- Location: New York City
This spring marks the 70th anniversary of Camus’s one and only trip to the United States. From March to May 1946, he delivered lectures at universities, spoke of the French resistance to Nazi occupation, and acted as a critical observer of American society. Outside of intellectual and literary circles, the young author was scarcely known when he arrived. But he would be. During the course of his visit, his novel The Stranger was published in English for the first time. The New Yorker interviewed him, and the New York Herald Tribune proclaimed him the “boldest writer in France today.”
Fifty-six years after his tragic death in a car crash, Albert Camus remains a major intellectual figure in the world. His reflections on absurdism and revolt, his constant battle for life, freedom and justice against nihilism, terror and ideologies, continue to stimulate discussion and provoke debate. His writings not only inspire artists in music, theater, and cinema; they also help their readers to live.
- Created by: Alix de Cazotte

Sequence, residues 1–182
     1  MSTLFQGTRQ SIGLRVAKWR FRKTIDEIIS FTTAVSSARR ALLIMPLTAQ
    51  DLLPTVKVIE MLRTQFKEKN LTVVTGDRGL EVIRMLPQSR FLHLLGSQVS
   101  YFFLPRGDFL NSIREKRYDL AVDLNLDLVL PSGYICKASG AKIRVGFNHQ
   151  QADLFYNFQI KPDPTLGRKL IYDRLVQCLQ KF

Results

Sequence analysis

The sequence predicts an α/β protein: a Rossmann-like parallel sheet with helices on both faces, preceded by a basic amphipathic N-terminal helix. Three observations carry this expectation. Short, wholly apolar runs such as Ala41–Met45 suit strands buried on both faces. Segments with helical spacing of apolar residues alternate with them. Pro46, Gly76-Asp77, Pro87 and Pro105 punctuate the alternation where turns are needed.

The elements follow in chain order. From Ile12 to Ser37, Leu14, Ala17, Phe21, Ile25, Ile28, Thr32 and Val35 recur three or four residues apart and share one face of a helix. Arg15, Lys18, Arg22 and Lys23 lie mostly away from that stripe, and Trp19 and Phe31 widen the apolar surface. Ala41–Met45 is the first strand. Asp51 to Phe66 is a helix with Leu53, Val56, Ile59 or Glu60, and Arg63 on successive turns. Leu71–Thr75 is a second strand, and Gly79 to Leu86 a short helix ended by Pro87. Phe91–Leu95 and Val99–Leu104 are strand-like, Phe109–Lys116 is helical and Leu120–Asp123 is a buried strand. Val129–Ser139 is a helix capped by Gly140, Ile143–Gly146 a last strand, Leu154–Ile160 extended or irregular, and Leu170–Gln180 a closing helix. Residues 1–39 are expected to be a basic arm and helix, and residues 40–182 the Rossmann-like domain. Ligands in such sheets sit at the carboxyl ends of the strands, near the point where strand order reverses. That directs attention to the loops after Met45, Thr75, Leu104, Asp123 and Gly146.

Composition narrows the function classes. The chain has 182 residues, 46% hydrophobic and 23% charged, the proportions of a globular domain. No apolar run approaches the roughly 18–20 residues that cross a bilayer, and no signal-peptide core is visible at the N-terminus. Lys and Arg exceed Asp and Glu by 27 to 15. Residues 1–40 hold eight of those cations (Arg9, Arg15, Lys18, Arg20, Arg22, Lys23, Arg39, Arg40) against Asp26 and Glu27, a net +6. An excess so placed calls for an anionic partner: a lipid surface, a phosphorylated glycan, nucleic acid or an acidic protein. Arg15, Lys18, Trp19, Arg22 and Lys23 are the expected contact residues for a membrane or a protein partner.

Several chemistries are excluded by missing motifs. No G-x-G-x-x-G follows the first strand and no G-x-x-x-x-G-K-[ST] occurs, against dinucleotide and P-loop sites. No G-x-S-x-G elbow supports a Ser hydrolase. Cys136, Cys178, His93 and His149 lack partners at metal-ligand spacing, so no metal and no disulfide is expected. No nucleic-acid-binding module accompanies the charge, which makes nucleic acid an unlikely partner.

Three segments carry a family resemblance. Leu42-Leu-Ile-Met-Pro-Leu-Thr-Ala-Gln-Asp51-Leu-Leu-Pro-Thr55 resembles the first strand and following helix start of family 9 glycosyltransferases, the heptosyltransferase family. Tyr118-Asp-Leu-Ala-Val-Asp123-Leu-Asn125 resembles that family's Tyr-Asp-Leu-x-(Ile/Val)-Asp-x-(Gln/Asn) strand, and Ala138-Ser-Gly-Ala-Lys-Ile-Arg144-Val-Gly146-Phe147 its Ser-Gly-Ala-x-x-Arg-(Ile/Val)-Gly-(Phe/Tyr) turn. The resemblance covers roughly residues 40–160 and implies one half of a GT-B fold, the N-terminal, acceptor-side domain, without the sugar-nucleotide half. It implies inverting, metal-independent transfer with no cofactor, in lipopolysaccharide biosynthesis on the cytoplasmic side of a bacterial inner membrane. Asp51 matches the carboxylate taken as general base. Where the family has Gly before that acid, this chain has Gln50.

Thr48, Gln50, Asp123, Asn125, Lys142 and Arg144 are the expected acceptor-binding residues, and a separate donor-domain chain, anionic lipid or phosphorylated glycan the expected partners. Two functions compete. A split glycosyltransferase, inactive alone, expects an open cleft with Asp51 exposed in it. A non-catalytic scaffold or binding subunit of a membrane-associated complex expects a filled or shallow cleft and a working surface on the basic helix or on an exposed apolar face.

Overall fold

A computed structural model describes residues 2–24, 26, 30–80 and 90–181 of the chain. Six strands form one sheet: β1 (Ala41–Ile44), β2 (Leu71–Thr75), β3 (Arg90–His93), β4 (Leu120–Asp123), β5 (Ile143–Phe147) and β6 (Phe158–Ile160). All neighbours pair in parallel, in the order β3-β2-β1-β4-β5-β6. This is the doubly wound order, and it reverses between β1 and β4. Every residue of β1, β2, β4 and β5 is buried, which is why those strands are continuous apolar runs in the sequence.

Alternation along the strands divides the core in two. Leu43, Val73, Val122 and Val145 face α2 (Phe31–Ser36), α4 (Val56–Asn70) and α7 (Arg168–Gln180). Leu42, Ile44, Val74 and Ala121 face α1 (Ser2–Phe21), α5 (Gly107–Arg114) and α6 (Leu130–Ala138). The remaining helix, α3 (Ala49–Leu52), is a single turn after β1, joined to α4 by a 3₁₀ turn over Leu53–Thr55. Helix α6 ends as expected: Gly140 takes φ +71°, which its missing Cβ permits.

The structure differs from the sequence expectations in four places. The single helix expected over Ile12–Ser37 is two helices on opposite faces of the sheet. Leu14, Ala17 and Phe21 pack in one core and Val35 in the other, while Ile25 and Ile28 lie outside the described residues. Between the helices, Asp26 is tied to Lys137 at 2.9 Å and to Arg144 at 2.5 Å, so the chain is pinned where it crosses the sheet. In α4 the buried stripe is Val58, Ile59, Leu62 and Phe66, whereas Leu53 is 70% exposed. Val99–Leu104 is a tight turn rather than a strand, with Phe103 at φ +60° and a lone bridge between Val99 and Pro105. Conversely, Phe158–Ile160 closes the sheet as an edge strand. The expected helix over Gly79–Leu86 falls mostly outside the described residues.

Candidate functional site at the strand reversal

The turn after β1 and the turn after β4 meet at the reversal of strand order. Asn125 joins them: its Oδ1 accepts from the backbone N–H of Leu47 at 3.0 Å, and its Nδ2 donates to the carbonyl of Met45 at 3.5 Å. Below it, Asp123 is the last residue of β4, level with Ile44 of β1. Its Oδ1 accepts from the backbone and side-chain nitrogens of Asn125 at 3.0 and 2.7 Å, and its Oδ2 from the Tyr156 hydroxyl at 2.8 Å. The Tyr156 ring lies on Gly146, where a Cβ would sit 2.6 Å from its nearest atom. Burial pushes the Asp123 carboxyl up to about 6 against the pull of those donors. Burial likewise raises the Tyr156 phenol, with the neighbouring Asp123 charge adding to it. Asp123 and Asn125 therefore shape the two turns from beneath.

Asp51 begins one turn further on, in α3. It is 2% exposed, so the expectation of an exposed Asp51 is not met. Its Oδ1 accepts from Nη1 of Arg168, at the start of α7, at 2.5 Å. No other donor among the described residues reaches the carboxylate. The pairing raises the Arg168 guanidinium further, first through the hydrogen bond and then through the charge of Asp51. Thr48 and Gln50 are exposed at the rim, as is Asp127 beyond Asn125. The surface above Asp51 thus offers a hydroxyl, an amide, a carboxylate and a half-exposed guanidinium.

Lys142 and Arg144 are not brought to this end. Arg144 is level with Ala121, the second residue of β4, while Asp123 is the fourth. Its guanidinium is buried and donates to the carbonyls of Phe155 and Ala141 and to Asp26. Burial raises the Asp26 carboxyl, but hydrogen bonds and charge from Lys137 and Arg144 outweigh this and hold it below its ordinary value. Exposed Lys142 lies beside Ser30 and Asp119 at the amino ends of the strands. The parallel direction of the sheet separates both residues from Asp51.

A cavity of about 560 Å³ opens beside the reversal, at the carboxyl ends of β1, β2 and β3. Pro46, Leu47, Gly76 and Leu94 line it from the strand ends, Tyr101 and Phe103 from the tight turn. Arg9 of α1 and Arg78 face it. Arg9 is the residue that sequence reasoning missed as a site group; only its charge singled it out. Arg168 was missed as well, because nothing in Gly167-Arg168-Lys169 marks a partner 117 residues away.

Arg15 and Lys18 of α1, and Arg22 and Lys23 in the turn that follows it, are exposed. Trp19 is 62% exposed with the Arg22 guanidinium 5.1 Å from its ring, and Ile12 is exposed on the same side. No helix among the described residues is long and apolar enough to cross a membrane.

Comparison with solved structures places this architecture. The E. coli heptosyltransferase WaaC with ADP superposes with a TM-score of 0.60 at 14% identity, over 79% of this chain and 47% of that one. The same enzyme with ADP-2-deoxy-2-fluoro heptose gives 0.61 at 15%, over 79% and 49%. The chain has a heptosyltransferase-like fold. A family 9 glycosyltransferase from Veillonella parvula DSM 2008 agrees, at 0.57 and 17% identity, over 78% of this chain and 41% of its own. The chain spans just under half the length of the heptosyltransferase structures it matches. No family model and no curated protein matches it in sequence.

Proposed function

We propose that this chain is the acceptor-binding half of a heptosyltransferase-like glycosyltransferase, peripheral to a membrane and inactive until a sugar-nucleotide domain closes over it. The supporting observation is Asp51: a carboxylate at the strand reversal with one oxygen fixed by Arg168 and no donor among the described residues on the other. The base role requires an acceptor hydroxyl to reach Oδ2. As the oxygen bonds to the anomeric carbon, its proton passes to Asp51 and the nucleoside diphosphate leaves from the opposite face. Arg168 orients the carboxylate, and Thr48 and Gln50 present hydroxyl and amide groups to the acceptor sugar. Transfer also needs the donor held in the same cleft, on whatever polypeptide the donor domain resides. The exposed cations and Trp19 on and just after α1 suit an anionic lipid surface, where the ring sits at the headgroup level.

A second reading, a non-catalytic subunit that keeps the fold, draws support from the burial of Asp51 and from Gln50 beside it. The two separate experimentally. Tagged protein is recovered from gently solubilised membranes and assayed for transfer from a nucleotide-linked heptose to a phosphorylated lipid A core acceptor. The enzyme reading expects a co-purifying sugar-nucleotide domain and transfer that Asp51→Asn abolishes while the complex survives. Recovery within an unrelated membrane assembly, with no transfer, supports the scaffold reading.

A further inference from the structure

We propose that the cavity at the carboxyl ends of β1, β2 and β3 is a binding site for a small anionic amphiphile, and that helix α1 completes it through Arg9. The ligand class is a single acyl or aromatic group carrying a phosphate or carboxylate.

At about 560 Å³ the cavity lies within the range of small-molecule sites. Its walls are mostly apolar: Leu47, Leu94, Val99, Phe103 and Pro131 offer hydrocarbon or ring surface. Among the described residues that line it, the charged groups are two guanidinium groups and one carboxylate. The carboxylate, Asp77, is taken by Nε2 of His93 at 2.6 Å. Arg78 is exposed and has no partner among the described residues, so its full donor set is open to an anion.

- Mar 26, 2016 from 3:30pm to 5:00pm EDT
- Location: Teachers College, Columbia University -- 263 Macy
NINTH FLOOR – US PREMIERE!
Saturday, March 26th @ 7:30 PM — TICKETS HERE
Skype Q&A after the screening with SELWYN JACOB, Producer of NINTH FLOOR!
In her first feature-length documentary, director Mina Shum takes a penetrating look at the Sir George Williams University riot of February 1969, when a protest against institutional racism snowballed into a 14-day student occupation at the Montreal University.
The film begins with Expo ’67 and its rosy vision of Canada as preternaturally tolerant, however, the Caribbean students who came to Canada to study in the late 1960s were hardly welcomed with open arms. As one subject explains, Canadians are racist, but they feel the need to apologize for it. Not all felt that need, however: a lecturer at Sir George Williams College treated his black students so differently from his white ones that they took their grievances to the administration.After several disastrous missteps by the university, the school’s computer department was occupied and a le
- Created by: Diarah N'Daw-Spech